Defender of your Digital Freedom

All Posts | Jan 08,2019

FAQ on Draft Amendment of Intermediary Guidelines Rules in India

The Central Government notified the Information Technology (Intermediaries Guidelines) Rules, 2011 in April, 2011. A draft amendment of these Rules has been issued by the Ministry of Electronics and Information Technology (MeitY), ostensibly for dealing with the fake news and misinformation problem. However, the Rules could result in weakening the security and privacy of apps and websites and erode the safe harbour protection available to intermediaries. MeitY is seeking comments to the Draft Rules by 15 January 2019.

This FAQ aims at making these Draft Rules easy to understand and at making various stakeholders aware of the problems with the draft Rules.

Who are Intermediaries?

Intermediaries are entities that provide services enabling the delivery of online content to the end user. Let us look at the players involved in this chain:

Internet Service Providers (ISPs) – ISPs like Airtel and MTNL help users to get connected to the Internet by means of wired or wireless connections.

Search engines – These are websites like Google and Bing that help users to search for specific information on the web. They provide links to websites that have content relevant to the search terms given by the user.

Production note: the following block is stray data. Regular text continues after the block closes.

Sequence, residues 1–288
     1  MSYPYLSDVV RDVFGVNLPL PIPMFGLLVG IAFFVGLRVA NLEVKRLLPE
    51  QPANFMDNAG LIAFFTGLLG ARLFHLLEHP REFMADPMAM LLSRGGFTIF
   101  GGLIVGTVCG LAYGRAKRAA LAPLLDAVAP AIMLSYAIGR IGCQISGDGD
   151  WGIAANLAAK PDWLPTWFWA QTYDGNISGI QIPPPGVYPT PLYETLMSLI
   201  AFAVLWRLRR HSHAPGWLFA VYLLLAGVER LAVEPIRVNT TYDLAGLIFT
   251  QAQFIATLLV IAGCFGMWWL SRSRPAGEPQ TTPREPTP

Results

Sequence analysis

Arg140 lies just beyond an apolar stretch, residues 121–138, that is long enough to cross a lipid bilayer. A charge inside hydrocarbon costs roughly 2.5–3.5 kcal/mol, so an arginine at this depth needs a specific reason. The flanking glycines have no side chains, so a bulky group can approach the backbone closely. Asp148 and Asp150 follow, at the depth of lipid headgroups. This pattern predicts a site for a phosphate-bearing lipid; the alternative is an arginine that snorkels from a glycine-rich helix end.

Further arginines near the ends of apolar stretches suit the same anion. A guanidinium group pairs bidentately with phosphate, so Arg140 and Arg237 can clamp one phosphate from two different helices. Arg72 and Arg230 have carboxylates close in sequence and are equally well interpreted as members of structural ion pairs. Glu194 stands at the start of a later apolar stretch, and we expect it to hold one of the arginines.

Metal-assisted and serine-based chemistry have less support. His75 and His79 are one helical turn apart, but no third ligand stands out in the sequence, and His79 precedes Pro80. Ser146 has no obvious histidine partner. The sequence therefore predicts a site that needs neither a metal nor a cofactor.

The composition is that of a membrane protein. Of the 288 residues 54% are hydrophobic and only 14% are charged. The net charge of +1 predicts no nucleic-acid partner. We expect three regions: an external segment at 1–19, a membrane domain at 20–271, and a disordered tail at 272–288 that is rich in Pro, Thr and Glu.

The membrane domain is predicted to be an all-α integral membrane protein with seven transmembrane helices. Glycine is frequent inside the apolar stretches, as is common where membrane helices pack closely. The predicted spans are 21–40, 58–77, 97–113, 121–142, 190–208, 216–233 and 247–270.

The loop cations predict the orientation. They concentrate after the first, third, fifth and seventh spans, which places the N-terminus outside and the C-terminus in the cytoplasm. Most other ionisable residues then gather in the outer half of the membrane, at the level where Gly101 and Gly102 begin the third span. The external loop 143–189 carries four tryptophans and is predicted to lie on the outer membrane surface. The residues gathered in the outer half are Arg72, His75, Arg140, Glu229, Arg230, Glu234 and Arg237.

DNS providers – These service providers translate the domain names (eg. www.sflc.in) to addresses (e.g. that can be understood by computers.

Web hosts – These are service providers like GoDaddy.com that provide space on servers to place files for various websites so that these sites can be accessed by users.

Interactive websites – This includes social media sites like Facebook and Twitter that act as platforms to store and retrieve content, blogging platforms like Blogspot and Wordpress, auction sites like eBay, and payment gateways like PayPal. The pictorial representation gives an overview of the intermediaries involved in a common Internet transaction.

Cyber Cafes – It means any facility from where access to the Internet is offered by any person in the ordinary course of business to the members of the public. The Information Technology Act, 2000 includes cyber cafes also under the ambit of the definition of intermediaries.